Burnout among health care providers increasing due to COVID-19 pandemic

According to the Bureau of Labor Statistics, more than 590,000 health care and social workers quit their jobs in July.

Tuesday, September 28, 2021
Nurses explain job burnout amid COVID-19 pandemic
After months on end of treating sick patients, thousands of healthcare providers are quitting, leading to a staffing shortage at some hospitals that could significantly impact care.

PHILADELPHIA (WPVI) -- Another sign of collateral damage due to the COVID-19 pandemic is burnout among health care providers.

According to the Bureau of Labor Statistics, more than 590,000 health care and social workers quit their jobs in July. This is the highest number since December 2020.

These are the people who stepped up at the beginning of the pandemic, working around the clock to take care of patients, trying to save lives while also connecting with families who couldn't be there at the bedside.

Now, 19 months later, many are exhausted physically and emotionally.

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"I was either going to have a nervous breakdown, or I was going to leave nursing altogether," said Tiffany Montgomery, Ph.D., R.N.

After 16 years, she left bedside nursing due to the stress and uncertainty of the pandemic.

"You could never predict anything, you just didn't know from day to day, from hour to hour," she said.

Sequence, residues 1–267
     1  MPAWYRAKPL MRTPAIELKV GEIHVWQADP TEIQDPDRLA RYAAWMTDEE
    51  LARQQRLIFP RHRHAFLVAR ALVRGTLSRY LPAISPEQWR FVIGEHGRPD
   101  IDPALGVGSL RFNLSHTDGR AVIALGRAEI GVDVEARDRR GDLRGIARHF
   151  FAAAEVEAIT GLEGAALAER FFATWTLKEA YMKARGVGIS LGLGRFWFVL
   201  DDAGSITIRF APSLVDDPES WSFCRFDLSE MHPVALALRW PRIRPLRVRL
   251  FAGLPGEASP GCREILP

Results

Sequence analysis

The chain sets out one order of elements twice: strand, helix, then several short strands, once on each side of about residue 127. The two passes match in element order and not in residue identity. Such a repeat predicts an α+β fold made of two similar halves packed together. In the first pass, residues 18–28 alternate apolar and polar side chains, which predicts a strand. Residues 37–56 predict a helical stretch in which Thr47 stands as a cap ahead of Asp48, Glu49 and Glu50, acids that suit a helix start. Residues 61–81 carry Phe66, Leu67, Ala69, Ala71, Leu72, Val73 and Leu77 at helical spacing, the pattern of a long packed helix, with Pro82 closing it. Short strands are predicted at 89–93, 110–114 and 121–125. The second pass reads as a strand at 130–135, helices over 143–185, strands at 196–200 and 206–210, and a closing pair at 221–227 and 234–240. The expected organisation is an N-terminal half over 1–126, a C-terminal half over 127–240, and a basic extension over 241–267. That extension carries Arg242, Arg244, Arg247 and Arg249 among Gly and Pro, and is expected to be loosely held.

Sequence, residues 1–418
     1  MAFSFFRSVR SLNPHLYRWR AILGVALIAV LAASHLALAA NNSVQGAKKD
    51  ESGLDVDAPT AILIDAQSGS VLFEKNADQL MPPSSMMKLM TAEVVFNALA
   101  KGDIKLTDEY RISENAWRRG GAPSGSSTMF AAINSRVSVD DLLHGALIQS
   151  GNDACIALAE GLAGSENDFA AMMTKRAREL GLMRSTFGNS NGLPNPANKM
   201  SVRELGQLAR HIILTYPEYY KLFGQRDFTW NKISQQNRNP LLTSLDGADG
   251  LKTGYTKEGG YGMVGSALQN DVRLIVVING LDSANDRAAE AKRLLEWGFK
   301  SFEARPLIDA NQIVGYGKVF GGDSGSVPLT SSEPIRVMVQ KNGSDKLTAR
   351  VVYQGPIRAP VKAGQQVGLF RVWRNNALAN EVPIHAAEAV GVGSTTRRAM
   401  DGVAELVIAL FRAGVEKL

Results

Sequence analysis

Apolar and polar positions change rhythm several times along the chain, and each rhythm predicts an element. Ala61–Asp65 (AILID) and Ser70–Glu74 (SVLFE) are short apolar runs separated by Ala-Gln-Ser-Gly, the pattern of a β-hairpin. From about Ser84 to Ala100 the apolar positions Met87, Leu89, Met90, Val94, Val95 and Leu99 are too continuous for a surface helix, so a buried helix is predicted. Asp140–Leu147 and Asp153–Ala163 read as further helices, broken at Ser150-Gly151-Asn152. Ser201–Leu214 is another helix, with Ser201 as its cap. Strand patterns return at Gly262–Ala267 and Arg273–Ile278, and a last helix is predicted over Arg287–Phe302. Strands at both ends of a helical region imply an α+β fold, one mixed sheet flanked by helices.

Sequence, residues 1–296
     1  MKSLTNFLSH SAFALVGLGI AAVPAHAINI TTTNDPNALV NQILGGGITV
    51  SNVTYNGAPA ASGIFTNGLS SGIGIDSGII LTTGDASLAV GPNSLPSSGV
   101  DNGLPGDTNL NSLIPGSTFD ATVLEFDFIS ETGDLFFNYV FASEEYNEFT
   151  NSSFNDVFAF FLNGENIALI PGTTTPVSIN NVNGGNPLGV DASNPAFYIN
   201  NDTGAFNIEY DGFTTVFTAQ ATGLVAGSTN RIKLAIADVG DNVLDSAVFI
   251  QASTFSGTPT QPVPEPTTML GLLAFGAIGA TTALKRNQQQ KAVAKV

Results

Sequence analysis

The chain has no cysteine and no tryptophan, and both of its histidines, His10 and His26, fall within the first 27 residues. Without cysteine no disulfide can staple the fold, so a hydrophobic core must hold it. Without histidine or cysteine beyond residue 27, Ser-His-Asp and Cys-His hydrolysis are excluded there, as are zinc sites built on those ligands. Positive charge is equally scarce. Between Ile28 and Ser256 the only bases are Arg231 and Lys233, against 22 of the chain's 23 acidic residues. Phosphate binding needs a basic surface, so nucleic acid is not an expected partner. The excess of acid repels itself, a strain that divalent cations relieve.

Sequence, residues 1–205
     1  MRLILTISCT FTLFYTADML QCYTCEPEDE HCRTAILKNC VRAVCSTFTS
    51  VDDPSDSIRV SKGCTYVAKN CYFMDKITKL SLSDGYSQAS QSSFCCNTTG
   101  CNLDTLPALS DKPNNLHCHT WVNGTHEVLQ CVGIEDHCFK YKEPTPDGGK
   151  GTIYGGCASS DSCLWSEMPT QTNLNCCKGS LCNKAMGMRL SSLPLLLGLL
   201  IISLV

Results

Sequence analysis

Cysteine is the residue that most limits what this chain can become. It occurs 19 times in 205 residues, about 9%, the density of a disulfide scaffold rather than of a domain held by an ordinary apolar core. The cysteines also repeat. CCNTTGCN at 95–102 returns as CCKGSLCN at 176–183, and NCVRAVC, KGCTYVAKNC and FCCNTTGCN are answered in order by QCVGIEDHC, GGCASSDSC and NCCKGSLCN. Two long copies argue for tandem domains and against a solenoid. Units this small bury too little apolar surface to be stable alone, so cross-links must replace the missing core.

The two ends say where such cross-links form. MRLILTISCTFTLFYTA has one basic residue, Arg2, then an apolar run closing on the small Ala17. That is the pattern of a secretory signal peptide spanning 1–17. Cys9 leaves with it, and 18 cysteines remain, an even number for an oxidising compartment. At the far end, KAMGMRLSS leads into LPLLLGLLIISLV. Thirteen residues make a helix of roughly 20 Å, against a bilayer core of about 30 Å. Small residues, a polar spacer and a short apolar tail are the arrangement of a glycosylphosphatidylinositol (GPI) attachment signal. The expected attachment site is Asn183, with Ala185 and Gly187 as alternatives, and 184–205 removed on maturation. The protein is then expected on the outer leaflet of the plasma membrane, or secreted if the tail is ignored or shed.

She saw patients come in stable. Then hours later they were struggling to breathe.

It was a similar situation for Sharon Demore, who was a bedside nurse for 10 years. And on top of the uncertainty, early in the pandemic, both also faced safety concerns.

"So some days you go from wearing a full hazmat suit to just an N-95 mask and hoping for the best," Demore said.

She left her role in December, saying she was emotionally drained, especially after helping countless patients FaceTime with their families because visitors weren't allowed inside.

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"It's such a scary time in anyone's life. And to have them there without their support system is just truly unbelievable. And you know, just letting them know that their loved one is gonna be OK and trying to convince yourself of that too," said Demore.

Both Demore and Montgomery are now working in new positions in health care but not directly with patients. They feel for today's frontline workers, knowing frustration is building.

"I'm looking at the number of people who have not taken this vaccine. Although there are enormous amounts of evidence it's safe, that it is effective, people still won't do what scientists and experts are asking them to do," Montgomery said.

"I think it's frustrating that there's no end in sight, and there could be," added Demore.

More stories like these mean more medical centers are struggling to fill shifts, which could affect everyone who has to go into a hospital.

A local psychiatrist set up a support hotline for health care workers. The Physician Support Line number is 1-888-409-0141.